Testing With PhpSpec

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Testing With PhpSpec image

PhpSpec is a testing tool based on the concept of emergent design using specification. You may have heard of Behavior Driven Development (BDD), and PhpSpec is a tool to use at the spec level or SpecBDD. We also mentioned PhpSpec in our recent roundup of Laravel Testing Resources, which includes ways you can incorporate PhpSpec into your Laravel workflow if you are interested in trying out SpecBDD.

If you’ve never tried PhpSpec, one of the things that I love about PhpSpec is that the process generates code for you and guides you through the SpecBDD process through the command line. Let me show you what I mean with a quick tutorial.

Getting Started

If you want to follow along, make sure you have Composer installed and in your path. The first thing we’re going to do is create a new project. When I am tinkering with libraries, I like to create a project in a folder I call “Sandbox”:

$ mkdir -p ~/Code/sandbox/calculator-phpspec && cd $_
$ mkdir src/
 
$ composer init
$ composer require --dev phpspec/phpspec

Next, let’s add a PSR-4 namespace to our project’s composer.json file, in the end, your file will look similar to this:

{
"name": "predmond/calculator-phpspec",
"require": {},
"require-dev": {
"phpspec/phpspec": "^4.0"
},
"autoload": {
"psr-4": {
"Predmond\\Calculator\\": "src/"
}
}
}

Before we forget, let’s dump the autoloader so our namespace can be used later:

$ composer dump-autoload
Generating autoload files

You should be able to run the phpspec CLI now:

# I like to have /vendor/bin in my path
export PATH="./vendor/bin:$PATH"
 
# Or run it with the path
$ ./vendor/bin/phpspec
phpspec 4.0.3
 
Usage:
command [options] [arguments]
...

Configuring Our Suite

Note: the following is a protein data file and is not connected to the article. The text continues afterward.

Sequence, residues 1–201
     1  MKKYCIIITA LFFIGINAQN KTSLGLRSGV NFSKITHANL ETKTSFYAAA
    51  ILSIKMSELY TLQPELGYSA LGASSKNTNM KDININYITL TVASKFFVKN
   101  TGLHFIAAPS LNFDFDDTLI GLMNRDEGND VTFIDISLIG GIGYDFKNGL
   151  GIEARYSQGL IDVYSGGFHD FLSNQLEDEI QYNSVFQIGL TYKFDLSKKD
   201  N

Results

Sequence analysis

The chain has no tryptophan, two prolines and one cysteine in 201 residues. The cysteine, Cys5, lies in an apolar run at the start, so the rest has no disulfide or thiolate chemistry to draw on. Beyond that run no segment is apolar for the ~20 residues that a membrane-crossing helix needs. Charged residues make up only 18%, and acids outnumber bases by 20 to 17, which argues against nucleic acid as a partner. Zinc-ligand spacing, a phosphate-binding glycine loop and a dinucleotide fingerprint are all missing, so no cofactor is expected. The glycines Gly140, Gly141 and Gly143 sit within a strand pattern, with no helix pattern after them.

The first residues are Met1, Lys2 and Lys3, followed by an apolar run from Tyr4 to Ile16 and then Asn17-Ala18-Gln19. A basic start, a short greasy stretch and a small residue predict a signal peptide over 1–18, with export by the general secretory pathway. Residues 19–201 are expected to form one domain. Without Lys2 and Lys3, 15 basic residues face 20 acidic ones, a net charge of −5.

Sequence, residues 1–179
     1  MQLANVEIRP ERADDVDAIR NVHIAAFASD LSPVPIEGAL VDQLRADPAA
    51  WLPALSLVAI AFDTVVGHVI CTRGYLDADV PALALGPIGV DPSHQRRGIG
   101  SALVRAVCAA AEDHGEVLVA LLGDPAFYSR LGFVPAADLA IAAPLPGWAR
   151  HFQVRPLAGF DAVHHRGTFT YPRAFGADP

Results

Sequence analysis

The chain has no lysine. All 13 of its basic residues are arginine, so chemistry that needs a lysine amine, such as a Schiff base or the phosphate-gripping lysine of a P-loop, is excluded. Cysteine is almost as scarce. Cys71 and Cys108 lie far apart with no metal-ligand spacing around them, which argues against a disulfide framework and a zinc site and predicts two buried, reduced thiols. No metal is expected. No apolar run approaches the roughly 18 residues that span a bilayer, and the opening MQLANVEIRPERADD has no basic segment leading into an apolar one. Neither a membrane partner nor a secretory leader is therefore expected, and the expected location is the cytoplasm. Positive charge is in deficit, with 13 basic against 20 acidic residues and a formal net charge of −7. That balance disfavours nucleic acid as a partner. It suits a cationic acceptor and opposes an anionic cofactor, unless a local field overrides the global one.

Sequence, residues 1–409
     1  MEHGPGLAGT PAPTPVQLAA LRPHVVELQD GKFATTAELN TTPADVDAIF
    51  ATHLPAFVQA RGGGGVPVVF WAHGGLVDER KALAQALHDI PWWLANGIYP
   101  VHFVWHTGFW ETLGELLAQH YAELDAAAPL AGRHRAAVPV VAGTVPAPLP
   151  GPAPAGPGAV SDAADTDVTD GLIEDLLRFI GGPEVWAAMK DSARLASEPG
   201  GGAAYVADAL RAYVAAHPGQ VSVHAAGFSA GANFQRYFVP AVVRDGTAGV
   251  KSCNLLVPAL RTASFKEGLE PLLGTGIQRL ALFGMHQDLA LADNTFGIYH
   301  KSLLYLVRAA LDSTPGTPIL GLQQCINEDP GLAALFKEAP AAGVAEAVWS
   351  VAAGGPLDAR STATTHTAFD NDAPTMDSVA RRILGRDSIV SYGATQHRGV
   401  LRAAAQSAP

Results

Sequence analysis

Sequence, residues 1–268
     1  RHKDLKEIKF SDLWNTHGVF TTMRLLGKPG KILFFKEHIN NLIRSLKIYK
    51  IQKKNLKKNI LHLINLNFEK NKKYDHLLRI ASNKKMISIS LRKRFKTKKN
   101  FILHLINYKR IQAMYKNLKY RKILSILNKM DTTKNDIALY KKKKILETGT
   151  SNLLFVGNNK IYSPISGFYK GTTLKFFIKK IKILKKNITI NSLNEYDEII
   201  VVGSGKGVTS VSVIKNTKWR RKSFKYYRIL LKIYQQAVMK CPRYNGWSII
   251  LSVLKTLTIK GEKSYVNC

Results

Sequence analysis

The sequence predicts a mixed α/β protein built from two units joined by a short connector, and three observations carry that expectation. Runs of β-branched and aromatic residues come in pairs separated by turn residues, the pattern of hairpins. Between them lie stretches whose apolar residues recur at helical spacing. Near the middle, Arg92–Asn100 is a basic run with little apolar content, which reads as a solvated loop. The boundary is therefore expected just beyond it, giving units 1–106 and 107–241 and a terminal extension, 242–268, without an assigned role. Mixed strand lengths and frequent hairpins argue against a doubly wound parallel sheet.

PhpSpec will look for a configuration file in the root of the project for a phpspec.yml file. We can use this file to configure test suites, formatters, and other configuration rules.

The configuration documentation is pretty extensive, so you should check it out, but for our purposes, we just want to configure our PSR-4 namespace so I can walk you through the workflow of using PhpSpec to drive out a specification.

PhpSpec uses a top-level YAML key called “suites” so let’s define a default suite for our project’s namespace by creating a phpspec.yml file in the root of our project:

suites:
default:
namespace: Predmond\Calculator
psr4_prefix: Predmond\Calculator
formatter.name: pretty

We can use this suite to create a calculator class and drive out a basic calculator spec. Let’s get to work!

The Workflow

Our workflow with PhpSpec will typically look like the following steps:

  1. Describe a Specification
  2. Run the Specification (Create the class if it doesn’t exist)
  3. Write an expected behavior
  4. Run the specification (create the method if it doesn’t exist)
  5. Write the implementation
  6. Verify the behavior
  7. Repeat

The way PhpSpec works does a good job of forcing you into this BDD workflow, which you might fight at first, but tends to be a reliable coding workflow once you get comfortable. Let’s go through a quick example of the workflow so you can give it a shot!